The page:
That is, humans prefer animals which exhibit pedomorphosis. Pedomorphosis is the retention of child-like characteristics—such as big heads or large eyes—into adulthood. Thus, pedomorphosis and cuteness may explain the popularity of Giant Pandas and Koalas. The widely perceived cuteness of domesticated animals, such as dogs and cats, may be due to the fact that humans selectively breed their pets for infant-like characteristics, including non-aggressive behavior and child-like appearance.
Some later scientific studies have provided further evidence for Lorenz's theory. For example, it has been shown that human adults react positively to infants who are stereotypically cute. Studies have also shown that responses to cuteness—and to facial attractiveness generally—seem to be similar across and within cultures. Additionally, the phenomenon is not restricted to humans. The young of many mammal and bird species share a similar set of typical physical proportions, beyond absolute body size, that distinguish them from adults of their own species. "Cute" features were also described in the recent finding of a baby Triceratops skull, suggesting that cuteness is an ancient and useful survival technique.
Cuteness is a major marketing tool in many cultures, such as that of Japan, with phenomena such as Pokémon or Hello Kitty. It is also an important selling point in the English-speaking world, where Elmo, The Family Circus, Furby, Precious Moments, and many other cultural icons and products trade on their cuteness. It can be a factor in live action productions such as movies starring Shirley Temple, the Honey, I Shrunk The Kids trilogy, the Three Men and a Baby duology, and elements of One Good Cop, as well the successful documentary film March of the Penguins, where the noteworthy cuteness of the penguins was cited as a major reason for the film's outstanding appeal. This technique was repeated in the computer-animated film Happy Feet.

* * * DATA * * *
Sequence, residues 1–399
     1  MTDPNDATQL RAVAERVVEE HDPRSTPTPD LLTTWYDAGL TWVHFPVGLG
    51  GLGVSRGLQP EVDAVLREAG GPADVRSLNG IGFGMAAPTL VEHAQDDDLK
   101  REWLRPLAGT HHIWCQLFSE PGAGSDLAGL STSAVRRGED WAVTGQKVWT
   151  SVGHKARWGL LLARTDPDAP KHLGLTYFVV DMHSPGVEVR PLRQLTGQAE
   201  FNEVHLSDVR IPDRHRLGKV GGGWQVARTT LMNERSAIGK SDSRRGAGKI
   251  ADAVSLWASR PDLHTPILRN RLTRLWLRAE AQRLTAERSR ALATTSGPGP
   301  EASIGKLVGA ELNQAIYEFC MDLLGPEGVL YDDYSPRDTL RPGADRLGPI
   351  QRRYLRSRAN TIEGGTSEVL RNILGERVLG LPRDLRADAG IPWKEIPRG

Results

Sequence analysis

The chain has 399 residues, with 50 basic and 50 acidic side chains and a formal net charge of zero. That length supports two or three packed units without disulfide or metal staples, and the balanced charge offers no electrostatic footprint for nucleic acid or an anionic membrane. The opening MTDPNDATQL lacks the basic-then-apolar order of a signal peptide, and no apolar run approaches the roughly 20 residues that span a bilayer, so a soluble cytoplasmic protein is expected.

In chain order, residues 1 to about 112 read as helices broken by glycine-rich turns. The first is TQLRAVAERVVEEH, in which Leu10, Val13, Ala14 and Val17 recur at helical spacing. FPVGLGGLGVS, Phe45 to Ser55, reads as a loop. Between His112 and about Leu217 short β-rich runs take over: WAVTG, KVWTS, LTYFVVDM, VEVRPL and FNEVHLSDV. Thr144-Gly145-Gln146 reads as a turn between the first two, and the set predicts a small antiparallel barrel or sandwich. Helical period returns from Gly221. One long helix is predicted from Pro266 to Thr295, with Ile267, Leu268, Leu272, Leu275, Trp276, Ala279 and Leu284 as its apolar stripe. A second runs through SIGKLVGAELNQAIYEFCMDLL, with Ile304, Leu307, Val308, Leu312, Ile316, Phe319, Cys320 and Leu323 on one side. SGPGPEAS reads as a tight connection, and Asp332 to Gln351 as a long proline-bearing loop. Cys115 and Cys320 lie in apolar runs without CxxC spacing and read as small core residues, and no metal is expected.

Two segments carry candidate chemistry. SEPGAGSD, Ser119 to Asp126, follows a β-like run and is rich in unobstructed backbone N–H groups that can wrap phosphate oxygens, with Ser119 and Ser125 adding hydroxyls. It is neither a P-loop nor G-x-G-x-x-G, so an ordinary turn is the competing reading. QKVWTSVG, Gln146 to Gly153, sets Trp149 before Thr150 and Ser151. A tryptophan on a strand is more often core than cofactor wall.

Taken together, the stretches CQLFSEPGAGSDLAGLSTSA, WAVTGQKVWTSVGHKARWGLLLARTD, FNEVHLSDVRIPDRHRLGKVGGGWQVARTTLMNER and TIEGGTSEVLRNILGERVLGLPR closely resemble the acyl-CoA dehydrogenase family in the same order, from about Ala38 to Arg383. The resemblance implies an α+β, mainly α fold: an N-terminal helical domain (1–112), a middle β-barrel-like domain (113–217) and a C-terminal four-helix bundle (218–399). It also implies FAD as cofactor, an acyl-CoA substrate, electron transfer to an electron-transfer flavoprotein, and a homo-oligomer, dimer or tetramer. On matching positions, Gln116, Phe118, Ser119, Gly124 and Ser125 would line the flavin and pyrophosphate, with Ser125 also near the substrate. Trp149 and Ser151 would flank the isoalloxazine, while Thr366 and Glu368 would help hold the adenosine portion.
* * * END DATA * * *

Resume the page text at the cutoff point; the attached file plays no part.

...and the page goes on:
Stephen Jay Gould remarked on this phenomenon in an article for the journal Natural History, in which he pointed out that over time Mickey Mouse had been drawn more and more to resemble an infant—with bigger head, bigger eyes, and so forth. Gould suggested that this change in Mickey's image was intended to increase his popularity by making him appear cuter.
- Stephen Jay Gould. A Biological Homage to Mickey Mouse, in The Panda's Thumb: More Reflections in Natural History. W.W. Norton & Company, 1980. (web version)
- Konrad Lorenz. Part and Parcel in Animal and Human Societies, in Studies in animal and human behavior, vol. 2. pp. 115-195. Cambridge, Mass.: Harvard UP, 1971 (originally pub. 1950).
- Natalie Angier. The Cute Factor. The New York Times, 2006-01-03.
- Jeanne Moos. The Science of Cuteness/Cutie Contest, CNN Headline News, 2006-12-17. video
- Ilya Garger. Hello Kitty: One Nation Under Cute. Psychology Today, Mar/Apr 2007.
cute in German: Kindchenschema
cute in French: Mignon
cute in Hungarian: Aranyosság
cute in Thai: ความน่ารัก
cute in Japanese: 可愛い
cute in Chinese: 可愛